Jewels Doskicz, RN, is a freelance writer, patient advocate, health coach, and long-distance cyclist. She and her daughter both live healthfully with type 1 diabetes.
You don’t have to be a vegetarian to dig into a plate that is brimming with vegetables—nor does eating veggies have to be a sufferfest. It’s easier and yummier than you may think, with big advantages for your overall health.
You can eat more vegetables by using the “plate method,” one of the simplest ways ever invented to help us eat right. No charts, scales, or carb-counting are needed. Here's what to do:
- Fill half of your plate with low-starch vegetables.
- Add meat or other lean protein on one-fourth of the plate.
- Add starchy veggies or whole grains on the other one-fourth of the plate.
- On the side, you can add a serving of fruit and/or dairy.
That’s all there is to it!
At first, the mental picture of your plate may create visions of veggie overkill. But researchers have that found that getting more veggies with more fiber is an adaptable solution to a tough problem for people with diabetes: how to eat in healthy ways that also help us manage our blood sugar and our weight.
With a simple, obtainable focus on consuming 30 grams of fiber a day, it may be reasonable to leave annoying diets (with long lists of restrictions) in our dust, according to research from the University of Massachusetts published in the Annals of Internal Medicine.
Sherry Pagoto, PhD and co-investigator of the study that investigated 240 adults who have metabolic syndrome, told Boston Magazine: “We found that increasing dietary fiber was accompanied by a host of other healthy dietary changes, likely because high-fiber foods displaced unhealthy foods in the diet.”
Here are some tips to help you make peace with your food choices, and your plate:
- Double up. It is possible to make up for lost or missed vegetables. Say your lunch veggies only included the pickles and ketchup on your burger. Follow up by eating an entire plate of salad at dinner.
- Squeeze it in. Get creative. Serve veggies with hummus or dip, keep a variety of chopped veggies in a Mason jar for the week, and have a salad ready in the fridge for easy access. Don’t stop there. Add cooked cauliflower into mashed potatoes, drink some greens in a smoothie, and so on.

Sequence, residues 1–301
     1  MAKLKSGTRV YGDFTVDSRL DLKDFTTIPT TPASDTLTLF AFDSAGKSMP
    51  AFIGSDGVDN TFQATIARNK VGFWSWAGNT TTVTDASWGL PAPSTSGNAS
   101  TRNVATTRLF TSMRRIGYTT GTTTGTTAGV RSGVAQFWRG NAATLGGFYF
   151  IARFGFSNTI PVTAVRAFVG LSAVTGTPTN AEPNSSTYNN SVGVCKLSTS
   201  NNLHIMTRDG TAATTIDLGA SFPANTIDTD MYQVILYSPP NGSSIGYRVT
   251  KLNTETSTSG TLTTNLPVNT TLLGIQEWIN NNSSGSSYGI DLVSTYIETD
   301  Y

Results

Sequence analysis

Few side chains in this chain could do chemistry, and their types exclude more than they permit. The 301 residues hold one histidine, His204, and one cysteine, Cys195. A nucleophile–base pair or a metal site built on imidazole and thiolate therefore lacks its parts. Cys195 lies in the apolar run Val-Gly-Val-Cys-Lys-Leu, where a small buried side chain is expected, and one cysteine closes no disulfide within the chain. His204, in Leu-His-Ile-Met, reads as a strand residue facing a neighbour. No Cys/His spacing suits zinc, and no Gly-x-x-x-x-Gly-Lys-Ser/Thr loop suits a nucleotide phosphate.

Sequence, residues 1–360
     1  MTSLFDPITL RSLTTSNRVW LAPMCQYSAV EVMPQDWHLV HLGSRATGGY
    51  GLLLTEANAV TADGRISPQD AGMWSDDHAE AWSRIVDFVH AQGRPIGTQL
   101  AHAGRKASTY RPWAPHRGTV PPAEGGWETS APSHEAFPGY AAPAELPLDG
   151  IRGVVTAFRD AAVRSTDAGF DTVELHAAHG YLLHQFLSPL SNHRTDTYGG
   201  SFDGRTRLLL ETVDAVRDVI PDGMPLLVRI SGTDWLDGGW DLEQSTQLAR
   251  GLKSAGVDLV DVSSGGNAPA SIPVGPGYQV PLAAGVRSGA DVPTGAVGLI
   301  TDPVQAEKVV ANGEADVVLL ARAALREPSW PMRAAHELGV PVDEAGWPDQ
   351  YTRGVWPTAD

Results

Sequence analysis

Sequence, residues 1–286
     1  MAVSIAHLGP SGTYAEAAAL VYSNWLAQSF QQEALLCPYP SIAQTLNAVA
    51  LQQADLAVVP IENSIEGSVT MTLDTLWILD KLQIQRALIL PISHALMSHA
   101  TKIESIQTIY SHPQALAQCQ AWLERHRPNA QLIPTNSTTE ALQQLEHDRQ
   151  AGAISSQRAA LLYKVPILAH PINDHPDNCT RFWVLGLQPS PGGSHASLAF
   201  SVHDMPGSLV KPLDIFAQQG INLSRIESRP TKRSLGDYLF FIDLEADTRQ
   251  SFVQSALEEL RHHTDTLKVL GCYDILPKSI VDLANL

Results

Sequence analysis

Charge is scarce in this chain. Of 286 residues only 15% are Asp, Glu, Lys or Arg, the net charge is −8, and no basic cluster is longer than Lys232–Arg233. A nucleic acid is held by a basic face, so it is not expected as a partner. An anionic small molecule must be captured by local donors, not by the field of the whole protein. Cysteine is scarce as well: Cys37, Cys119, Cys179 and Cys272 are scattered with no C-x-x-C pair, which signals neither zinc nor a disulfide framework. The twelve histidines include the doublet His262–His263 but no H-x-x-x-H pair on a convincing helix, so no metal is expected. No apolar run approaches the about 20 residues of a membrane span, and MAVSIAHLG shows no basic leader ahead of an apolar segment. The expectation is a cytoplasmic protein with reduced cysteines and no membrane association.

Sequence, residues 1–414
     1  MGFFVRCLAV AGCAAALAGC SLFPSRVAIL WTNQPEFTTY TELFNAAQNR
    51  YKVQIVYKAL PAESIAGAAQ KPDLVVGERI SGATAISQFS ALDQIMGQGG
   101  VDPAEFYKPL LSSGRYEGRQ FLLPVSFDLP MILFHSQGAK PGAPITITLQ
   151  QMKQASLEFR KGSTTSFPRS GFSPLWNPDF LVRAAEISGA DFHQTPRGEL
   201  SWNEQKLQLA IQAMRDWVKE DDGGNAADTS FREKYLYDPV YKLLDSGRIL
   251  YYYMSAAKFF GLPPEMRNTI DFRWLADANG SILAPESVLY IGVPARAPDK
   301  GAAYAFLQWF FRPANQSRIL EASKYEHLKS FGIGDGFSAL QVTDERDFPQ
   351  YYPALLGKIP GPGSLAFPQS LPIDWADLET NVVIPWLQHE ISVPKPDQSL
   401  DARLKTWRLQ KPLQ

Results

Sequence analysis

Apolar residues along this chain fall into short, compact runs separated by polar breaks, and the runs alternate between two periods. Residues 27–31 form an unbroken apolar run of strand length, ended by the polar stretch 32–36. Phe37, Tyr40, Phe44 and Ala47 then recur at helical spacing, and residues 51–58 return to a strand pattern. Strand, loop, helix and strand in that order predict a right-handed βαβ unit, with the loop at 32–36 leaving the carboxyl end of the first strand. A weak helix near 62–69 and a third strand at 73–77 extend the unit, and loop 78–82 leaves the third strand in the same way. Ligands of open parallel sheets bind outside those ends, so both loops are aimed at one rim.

- Buy frozen. If it’s easier for you to eat and prepare frozen veggies, there’s no shame in that approach – they are nourishing too.
- Take shortcuts. Ask the produce person to cut your head of cabbage in half. Buy washed greens that are easy to grab and eat. Hit the salad bar for stir-fry fixings that are already cut and ready to cook.
- Cook extra. Leftovers are the ultimate convenience food. For example, cook extra dinner asparagus and add it into your morning eggs.
- Go raw. Shred a carrot, purple cabbage, and a beet onto your green salad. That’s four colors in four ingredients—with no cooking involved. Keep pre-washed spinach on hand for salads, or a two-minute cooked veggie, or to add in an omelet. I usually eat raw for lunch. It’s easy to pack when there’s no prep; just grab and go.
Why are veggies so important with diabetes?
The produce section in the grocery store is packed with nutritious, healthy, filling fiber. And when we eat a significant amount of vegetables, they help keep our appetite balanced and slow the absorption of carbohydrates in the gut.
“Grams of fiber can actually be subtracted from the total grams of carb you are eating if you are using carbohydrate counting for meal planning,” says Joslin Diabetes Center. Net carbohydrates also matter because they impact the amount of medication we take for diabetes management.
With diabetes, it’s important to keep an eye on starchy versus non-starchy veggies. If your only veggies are starchy ones, your blood sugar may not be on target.
Fiber isn’t limited to vegetables—it’s also found in fruits and grains that contain non-fibrous carbohydrates as well.
Mix up your colors
We need a variety of colors in our diets.
A teenage girl recently proclaimed to me, “I don’t eat vegetables—EVER.” I was totally taken aback and started naming vegetables to her, until I realized that she truly doesn’t eat any vegetables.
Even if you’re not yet eating as many vegetables as you should, at the very least think about all the colors you’re consuming (food dye doesn’t count in this equation). Our diets should include a rainbow of colors. For example, what’s red? Strawberries, beets, tomatoes, red apples, red peppers, cherries, and raspberries. As you shop for the week, ask yourself if you have a rainbow in your cart from the produce department.
Fruits and veggies do offer similar nutrients, but have different carbohydrate loads.
Can a vitamin work instead?
Veggies are superfoods, packed with vitamins and minerals. Our healthiest diet choices come from eating unprocessed foods. Because raw foods are rich in phytonutrients that supplements lack, multivitamins will never take the place of a healthy diet.
Researchers found that a diet high in dietary fiber (50 grams per day), “predominantly of the soluble type, by patients with type 2 diabetes mellitus, improved glycemic control and decreased hyperinsulinemia,” according to the New England Journal of Medicine.
Their findings indicate that “patients with diabetes should emphasize an overall increase in dietary fiber through the consumption of unfortified foods, rather than the use of fiber supplements.”
“Am I eating enough veggies?” is a question we should ask ourselves regularly. A quick look at our plate can give us the answer and help us to make smart choices.
Have you tried the plate method? We’d love to hear what you think of it. Add your comment below.